The Conspicuously Silent Listing Agent

At one extreme, there are the listing agents who call your cell phone for feedback while you’re in the middle of the showing (can you say, “overeager?”).

Then, there’s the agent I just encountered in South Minneapolis, who listed a brick 1 1/2 story for $20k below market (my estimate) on Friday.

Or should I say, didn’t encounter.

Quick & Quiet Sale

Notwithstanding showing the home three times in two days, I didn’t hear a peep — and I didn’t contact the agent, because neither of my clients was ready to write.*

The next thing I knew, the home’s status on MLS was changed to “sold” (yesterday).

Wanna guess who represented the Buyer?  (I’ll save you the suspense:  my strong hunch is that it was . . . the listing agent).

Conflict of Interest

Normally, of course, a listing agent trying to maximize the sales price for their client will be in touch with any and all agents who’ve shown the home, letting them know an offer is in hand, and trying to stir up multiples.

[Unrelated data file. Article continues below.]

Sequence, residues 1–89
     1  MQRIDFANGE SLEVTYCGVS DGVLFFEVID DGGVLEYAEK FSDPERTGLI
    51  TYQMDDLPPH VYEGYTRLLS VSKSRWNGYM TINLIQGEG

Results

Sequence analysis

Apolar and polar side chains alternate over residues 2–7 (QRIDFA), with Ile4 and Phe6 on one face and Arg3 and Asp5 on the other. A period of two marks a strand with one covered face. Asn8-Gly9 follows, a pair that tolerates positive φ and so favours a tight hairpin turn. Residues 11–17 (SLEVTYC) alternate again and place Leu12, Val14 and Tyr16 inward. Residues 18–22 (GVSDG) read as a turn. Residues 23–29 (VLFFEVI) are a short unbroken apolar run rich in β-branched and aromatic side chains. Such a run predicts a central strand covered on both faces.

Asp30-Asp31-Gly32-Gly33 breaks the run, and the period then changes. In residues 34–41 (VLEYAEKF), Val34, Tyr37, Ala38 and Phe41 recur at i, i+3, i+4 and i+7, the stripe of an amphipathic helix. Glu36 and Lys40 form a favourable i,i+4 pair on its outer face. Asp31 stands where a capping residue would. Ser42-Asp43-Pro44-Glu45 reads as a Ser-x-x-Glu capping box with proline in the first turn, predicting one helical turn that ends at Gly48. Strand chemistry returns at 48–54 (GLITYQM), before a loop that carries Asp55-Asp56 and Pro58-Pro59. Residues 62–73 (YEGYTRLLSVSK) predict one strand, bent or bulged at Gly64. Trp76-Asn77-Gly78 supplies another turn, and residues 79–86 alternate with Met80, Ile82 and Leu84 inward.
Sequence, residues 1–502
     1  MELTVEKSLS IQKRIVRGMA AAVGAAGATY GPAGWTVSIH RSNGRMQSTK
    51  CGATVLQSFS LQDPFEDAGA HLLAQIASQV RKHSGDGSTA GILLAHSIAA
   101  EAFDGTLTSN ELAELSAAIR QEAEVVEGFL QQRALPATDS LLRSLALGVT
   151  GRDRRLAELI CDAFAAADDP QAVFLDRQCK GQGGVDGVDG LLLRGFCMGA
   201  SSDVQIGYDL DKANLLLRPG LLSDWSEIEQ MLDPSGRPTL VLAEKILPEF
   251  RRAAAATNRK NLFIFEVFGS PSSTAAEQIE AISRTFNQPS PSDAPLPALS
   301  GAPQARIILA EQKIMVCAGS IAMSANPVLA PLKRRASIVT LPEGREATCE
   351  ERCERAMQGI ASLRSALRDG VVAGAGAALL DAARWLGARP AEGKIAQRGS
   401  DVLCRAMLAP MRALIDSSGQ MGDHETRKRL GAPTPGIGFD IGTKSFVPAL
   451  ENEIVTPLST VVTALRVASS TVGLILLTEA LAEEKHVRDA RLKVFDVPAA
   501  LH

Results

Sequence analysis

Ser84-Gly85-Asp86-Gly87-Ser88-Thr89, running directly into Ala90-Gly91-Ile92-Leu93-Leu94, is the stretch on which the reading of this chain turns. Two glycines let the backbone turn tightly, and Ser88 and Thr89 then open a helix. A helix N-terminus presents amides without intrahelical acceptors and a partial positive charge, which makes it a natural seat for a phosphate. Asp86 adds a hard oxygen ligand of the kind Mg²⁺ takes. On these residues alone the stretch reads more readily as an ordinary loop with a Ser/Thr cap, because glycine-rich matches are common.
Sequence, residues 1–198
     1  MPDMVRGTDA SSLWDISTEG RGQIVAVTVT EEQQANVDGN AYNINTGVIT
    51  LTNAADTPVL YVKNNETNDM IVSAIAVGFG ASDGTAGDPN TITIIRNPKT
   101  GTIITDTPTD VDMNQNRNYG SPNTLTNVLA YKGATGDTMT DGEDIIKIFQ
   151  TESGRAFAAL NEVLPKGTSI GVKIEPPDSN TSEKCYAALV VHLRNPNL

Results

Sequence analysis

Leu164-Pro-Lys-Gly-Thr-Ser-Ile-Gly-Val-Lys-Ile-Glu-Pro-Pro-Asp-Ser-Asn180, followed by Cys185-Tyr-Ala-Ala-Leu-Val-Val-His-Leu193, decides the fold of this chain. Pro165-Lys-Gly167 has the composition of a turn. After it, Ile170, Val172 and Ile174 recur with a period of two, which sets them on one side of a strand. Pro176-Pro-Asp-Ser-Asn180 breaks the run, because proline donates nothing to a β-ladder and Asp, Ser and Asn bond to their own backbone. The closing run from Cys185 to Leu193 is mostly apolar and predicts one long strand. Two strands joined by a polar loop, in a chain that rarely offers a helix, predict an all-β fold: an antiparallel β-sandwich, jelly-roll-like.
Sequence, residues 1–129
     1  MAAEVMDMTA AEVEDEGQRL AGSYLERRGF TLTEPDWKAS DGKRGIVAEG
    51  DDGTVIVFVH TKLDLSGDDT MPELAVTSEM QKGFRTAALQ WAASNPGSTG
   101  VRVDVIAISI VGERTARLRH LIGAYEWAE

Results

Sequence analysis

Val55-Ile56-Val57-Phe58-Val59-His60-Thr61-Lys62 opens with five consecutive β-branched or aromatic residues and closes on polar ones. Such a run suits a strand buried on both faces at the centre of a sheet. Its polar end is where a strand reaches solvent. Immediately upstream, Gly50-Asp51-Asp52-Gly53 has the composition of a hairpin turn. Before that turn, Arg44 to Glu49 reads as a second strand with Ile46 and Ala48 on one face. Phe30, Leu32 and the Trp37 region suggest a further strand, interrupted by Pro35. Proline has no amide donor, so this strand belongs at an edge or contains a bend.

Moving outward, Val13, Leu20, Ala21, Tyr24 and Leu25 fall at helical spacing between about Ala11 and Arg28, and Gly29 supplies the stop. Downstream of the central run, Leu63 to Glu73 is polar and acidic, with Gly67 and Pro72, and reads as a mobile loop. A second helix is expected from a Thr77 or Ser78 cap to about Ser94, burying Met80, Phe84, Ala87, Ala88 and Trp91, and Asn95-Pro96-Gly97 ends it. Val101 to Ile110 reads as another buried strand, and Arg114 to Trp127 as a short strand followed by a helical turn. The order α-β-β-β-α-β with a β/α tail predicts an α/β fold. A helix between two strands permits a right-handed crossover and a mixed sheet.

The exception? 

When they’re also representing the Buyer, and they stand to pocket both the listing side and “pay out” commission (payable to the Buyer’s agent) if the deal goes through.

Great for the listing agent; not so much for the home owner . . .

*Tactically, I advise my Buyers to make an offer as soon as they:  a) know the market; and b) see something they really like.

Alternatively, establishing a dialogue with the listing agent, asking to be “kept in the loop,” etc. virtually ensures that the Buyer will pay (substantially) more for the home, if and when they’re ready to make an offer.  

In my experience, it’s also the case that a listing agent who’s determined to pocket both sides of the commission will find a way to do that (by not returning phone calls, sitting on offers from other agents, etc.).

About the author

Ross Kaplan has 19+ years experience selling real estate all over the Twin Cities. He is also a 12-time consecutive "Super Real Estate Agent," as determined by Mpls. - St. Paul Magazine and Twin Cities Business Magazine. Prior to becoming a Realtor, Ross was an attorney (corporate law), CPA, and entrepreneur. He holds an economics degree from Stanford.

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